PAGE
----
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Teachers experience of autonomy and accountability in the school community

Paul Warwick and Peter Cunningham


A summary report for Research Deelopment !und "#$"%
The original intention of this research was to gain an insight into the connections between ethos and
working practices in the primary department of a progressive English independent school. The
research focused on four teachers one established teacher and one teacher relatively new to the
school in both Key Stage and Key Stage !. "n addition to semi#structured initial interviews with the
head teacher and the four research focus teachers$ classroom observations were used for data
collection to provide thick descriptions of practice. %roups of pupils were also interviewed$ some
of whom were new to the school and some of whom had been there since their first year at school.
"n analysing the research data the focus changed from those embodied in the original research
intentions$ shifting to highlight the stories that the teachers were telling and focusing on the light
that these stories seemed to shed on the connections between teacher accountability$ autonomy
and sense of community. &erspectives from &eter 'unninghams renowned work on teacher
biographies enabled us to place the views of these teachers within an historical conte(t. The
resultant paper e(amines the apparent interdependence of the ideas e(pressed by the teachers
with respect to autonomy$ accountability and community within this specific school setting.
These linked frameworks of understanding are e(posed to critical scrutiny in the light of the
teachers e(pressed satisfaction$ or dis#satisfaction$ with aspects of their work.
%iven the history of the development of primary education over the past ) years or so$ many of the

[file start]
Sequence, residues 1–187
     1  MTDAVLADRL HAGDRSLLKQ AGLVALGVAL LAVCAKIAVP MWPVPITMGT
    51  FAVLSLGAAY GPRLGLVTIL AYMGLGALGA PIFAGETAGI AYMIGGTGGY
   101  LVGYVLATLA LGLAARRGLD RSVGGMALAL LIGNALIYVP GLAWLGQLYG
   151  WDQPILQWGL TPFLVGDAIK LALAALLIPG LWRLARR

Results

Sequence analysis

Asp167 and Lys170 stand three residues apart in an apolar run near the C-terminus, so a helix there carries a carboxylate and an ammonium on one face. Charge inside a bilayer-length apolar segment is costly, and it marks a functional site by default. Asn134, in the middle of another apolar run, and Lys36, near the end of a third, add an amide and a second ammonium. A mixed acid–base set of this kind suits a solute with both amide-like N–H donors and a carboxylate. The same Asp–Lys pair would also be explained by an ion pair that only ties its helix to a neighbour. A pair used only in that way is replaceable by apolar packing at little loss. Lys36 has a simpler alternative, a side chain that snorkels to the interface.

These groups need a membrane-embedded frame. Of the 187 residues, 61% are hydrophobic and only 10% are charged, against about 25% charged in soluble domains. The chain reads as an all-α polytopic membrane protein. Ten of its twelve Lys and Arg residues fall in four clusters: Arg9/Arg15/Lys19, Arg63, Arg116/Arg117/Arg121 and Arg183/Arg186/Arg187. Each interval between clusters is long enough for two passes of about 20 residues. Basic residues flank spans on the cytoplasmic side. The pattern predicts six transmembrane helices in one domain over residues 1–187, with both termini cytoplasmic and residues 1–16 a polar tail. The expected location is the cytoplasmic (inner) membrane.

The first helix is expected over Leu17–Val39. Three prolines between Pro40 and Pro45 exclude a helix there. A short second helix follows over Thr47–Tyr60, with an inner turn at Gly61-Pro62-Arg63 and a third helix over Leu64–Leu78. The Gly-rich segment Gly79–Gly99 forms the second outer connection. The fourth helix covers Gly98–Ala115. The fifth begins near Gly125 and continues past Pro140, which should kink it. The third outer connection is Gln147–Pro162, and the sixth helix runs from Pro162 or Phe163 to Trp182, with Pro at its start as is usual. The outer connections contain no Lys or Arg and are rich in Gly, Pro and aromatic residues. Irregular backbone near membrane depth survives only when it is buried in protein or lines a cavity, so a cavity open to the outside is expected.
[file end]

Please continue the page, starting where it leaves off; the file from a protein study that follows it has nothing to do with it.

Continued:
conclusions of the paper will have interest for all primary teachers. "t is clear that school#community
relations have to be open to constant scrutiny$ nurture$ refreshment and re#invigoration. *ut the
working through of these imperatives as national policy in the state sector has left many teachers
with an utter lack of control over the content of learning and impotent to effect change +,eed and
-allgarten$ !..!/. "n contrast$ this alternative school community seems to realise the observations of
Scheffler$ made as long ago as 012
Teachers cannot restrict their attention to the classroom alone$ leaving the larger
setting and purposes of schooling to be determined by others. They must take active
responsibility for the goals to which they are committed 3 "f they are not to be mere
agents of others 3 they need to determine their own agency through a critical and
continual evaluation of the purposes$ the conse4uences$ and the social conte(t of their
calling.
The progressive alternative presented in our paper serves to illustrate that essential and interrelated
elements of this agency are some level of professional autonomy with respect to curriculum and
pedagogy$ an internalised sense of accountability and a whole#hearted involvement in the wider
community of the school.
5s workforce reform moves$ almost ine(orably$ towards a vision of teachers and teaching outlined
by Estelle 6orris in !.. # with clear arrangements for national accountability and strategy
implementation at the heart # it seems there could be the opportunity for a more constructive
dialogue between state agencies and the core professionals within the education service. "f it is the
case that attempts at system change rely to a very great e(tent on professional engagement and
satisfaction then those debating the mechanisms of change should care whether teachers are engaged
and deriving 7ob satisfaction from their professional roles.
The full report will soon be published in Education 8#8 9
:5,:"'K$ &. and 'unningham$ &. +!..1/ &rogressive alternatives; Teachers
e(perience of autonomy and accountability in the school community. Education 8#8